What is a Community Council?

Community councils were created by the Local Government (Scotland) Act 1973. The Act required local authorities to introduce community council schemes for their area outlining various arrangements including elections, meetings, boundaries, and finance. Local authorities have the freedom to tailor schemes to the particular circumstances of their area.

Local authorities and other bodies consult with community councils on issues affecting the community. These issues depend to a large extent on what is important to each community, however local authorities are required to consult community councils on planning applications and involve them in the Community Planning process.

There are currently around 1200 community councils in Scotland, all composed of elected volunteers from the community.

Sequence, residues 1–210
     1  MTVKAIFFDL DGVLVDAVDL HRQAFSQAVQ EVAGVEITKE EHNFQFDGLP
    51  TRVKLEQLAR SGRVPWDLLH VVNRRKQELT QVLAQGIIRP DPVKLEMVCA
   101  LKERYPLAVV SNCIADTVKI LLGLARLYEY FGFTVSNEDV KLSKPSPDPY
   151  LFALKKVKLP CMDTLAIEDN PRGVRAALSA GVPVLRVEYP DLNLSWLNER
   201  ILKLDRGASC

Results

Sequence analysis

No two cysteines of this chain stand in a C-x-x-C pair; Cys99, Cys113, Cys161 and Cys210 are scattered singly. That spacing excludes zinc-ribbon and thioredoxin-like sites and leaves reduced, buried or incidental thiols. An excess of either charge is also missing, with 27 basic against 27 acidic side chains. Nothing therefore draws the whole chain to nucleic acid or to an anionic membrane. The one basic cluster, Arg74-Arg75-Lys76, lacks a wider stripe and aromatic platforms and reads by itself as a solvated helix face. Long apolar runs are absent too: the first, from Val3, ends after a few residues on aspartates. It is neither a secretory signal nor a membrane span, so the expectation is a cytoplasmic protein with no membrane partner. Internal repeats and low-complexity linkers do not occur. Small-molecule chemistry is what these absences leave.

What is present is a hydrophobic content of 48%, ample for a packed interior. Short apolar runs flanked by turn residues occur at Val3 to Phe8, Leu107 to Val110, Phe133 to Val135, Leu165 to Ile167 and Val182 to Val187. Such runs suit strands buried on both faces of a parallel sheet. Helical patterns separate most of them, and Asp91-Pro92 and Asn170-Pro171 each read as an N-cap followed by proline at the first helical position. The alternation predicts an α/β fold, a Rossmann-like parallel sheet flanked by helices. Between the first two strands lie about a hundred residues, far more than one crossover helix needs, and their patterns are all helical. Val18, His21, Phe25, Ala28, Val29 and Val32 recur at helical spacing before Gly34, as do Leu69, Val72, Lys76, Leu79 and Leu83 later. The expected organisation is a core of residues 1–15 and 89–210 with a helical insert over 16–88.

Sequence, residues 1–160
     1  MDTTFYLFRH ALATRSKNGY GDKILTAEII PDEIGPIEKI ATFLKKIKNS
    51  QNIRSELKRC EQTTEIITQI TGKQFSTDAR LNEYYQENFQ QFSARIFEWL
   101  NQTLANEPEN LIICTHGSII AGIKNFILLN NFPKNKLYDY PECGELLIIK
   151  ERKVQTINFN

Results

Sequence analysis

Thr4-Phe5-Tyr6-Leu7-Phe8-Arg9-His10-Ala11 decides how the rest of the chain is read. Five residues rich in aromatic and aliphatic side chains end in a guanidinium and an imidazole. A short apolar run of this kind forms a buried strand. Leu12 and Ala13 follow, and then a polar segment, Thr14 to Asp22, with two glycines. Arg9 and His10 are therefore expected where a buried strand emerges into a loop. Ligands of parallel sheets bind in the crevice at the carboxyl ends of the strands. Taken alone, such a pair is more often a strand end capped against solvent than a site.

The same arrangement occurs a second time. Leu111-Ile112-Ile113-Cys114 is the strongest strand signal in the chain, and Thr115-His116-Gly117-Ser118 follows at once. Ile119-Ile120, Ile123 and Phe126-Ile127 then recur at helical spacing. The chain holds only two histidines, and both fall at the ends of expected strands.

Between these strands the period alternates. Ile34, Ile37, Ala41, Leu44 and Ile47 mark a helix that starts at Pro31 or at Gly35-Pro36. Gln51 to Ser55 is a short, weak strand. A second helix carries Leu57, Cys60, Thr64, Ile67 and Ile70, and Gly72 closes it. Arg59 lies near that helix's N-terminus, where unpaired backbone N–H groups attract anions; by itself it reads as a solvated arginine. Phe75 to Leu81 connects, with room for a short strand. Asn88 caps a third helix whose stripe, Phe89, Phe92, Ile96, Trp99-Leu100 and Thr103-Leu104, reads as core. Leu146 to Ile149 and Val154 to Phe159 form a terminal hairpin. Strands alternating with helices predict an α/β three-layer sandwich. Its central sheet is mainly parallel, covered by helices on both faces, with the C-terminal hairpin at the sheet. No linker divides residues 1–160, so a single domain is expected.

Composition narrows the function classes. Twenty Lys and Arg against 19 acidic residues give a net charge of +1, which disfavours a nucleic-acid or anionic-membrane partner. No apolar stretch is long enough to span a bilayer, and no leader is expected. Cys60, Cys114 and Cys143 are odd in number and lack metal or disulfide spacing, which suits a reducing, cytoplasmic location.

In Scotland community councils have fewer powers than their English or Welsh counterparts. There are around 1,200 CCs in Scotland, some of which represent several communities within their boundary.

Community councils were introduced in 1975 under the Local Government (Scotland) Act 1973. The duty was placed on the newly established district councils to prepare an establishment scheme to divide their district into community council areas. In 1996 this duty passed to the present area councils. All of Scotland has had community council areas delineated, the numbers and boundaries of which can be altered by the area council. However not all communities have community councils, which in Scotland are statutory and only exist if local people are willing to stand for election. They are officially stated to be “non-party-political and non-sectarian” in their discussions and decision making. Community councils must adopt a constitution stating the name of the community council and dealing with such matters as the frequency of meetings, office bearers, method of election, finance and standing orders.